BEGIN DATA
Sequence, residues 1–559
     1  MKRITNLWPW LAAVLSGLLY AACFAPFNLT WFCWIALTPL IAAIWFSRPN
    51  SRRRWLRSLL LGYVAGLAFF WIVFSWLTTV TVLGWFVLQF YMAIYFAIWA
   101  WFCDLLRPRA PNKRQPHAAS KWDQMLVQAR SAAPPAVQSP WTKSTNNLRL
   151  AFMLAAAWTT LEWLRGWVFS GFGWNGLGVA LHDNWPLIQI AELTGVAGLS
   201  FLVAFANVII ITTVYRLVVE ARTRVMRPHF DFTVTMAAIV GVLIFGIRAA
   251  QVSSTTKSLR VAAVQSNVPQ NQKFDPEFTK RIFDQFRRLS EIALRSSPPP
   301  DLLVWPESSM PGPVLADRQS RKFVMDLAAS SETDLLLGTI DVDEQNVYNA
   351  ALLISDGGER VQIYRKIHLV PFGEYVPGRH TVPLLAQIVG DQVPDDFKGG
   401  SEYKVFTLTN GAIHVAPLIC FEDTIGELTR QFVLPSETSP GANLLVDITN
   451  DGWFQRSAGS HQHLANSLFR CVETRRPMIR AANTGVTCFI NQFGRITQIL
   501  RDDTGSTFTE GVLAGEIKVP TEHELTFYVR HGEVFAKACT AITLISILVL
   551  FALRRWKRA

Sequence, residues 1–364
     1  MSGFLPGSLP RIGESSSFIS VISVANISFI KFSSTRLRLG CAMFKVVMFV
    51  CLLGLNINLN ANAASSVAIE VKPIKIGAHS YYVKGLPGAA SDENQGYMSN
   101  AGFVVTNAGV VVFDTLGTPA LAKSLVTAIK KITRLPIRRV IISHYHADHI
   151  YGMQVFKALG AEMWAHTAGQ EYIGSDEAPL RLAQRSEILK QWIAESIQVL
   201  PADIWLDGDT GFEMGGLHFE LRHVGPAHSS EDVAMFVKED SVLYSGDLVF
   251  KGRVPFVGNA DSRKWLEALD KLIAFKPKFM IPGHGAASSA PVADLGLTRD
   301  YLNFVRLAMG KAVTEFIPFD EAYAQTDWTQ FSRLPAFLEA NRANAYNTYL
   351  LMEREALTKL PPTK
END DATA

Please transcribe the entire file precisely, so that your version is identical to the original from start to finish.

Sequence, residues 1–559
     1  MKRITNLWPW LAAVLSGLLY AACFAPFNLT WFCWIALTPL IAAIWFSRPN
    51  SRRRWLRSLL LGYVAGLAFF WIVFSWLTTV TVLGWFVLQF YMAIYFAIWA
   101  WFCDLLRPRA PNKRQPHAAS KWDQMLVQAR SAAPPAVQSP WTKSTNNLRL
   151  AFMLAAAWTT LEWLRGWVFS GFGWNGLGVA LHDNWPLIQI AELTGVAGLS
   201  FLVAFANVII ITTVYRLVVE ARTRVMRPHF DFTVTMAAIV GVLIFGIRAA
   251  QVSSTTKSLR VAAVQSNVPQ NQKFDPEFTK RIFDQFRRLS EIALRSSPPP
   301  DLLVWPESSM PGPVLADRQS RKFVMDLAAS SETDLLLGTI DVDEQNVYNA
   351  ALLISDGGER VQIYRKIHLV PFGEYVPGRH TVPLLAQIVG DQVPDDFKGG
   401  SEYKVFTLTN GAIHVAPLIC FEDTIGELTR QFVLPSETSP GANLLVDITN
   451  DGWFQRSAGS HQHLANSLFR CVETRRPMIR AANTGVTCFI NQFGRITQIL
   501  RDDTGSTFTE GVLAGEIKVP TEHELTFYVR HGEVFAKACT AITLISILVL
   551  FALRRWKRA

Sequence, residues 1–364
     1  MSGFLPGSLP RIGESSSFIS VISVANISFI KFSSTRLRLG CAMFKVVMFV
    51  CLLGLNINLN ANAASSVAIE VKPIKIGAHS YYVKGLPGAA SDENQGYMSN
   101  AGFVVTNAGV VVFDTLGTPA LAKSLVTAIK KITRLPIRRV IISHYHADHI
   151  YGMQVFKALG AEMWAHTAGQ EYIGSDEAPL RLAQRSEILK QWIAESIQVL
   201  PADIWLDGDT GFEMGGLHFE LRHVGPAHSS EDVAMFVKED SVLYSGDLVF
   251  KGRVPFVGNA DSRKWLEALD KLIAFKPKFM IPGHGAASSA PVADLGLTRD
   301  YLNFVRLAMG KAVTEFIPFD EAYAQTDWTQ FSRLPAFLEA NRANAYNTYL
   351  LMEREALTKL PPTK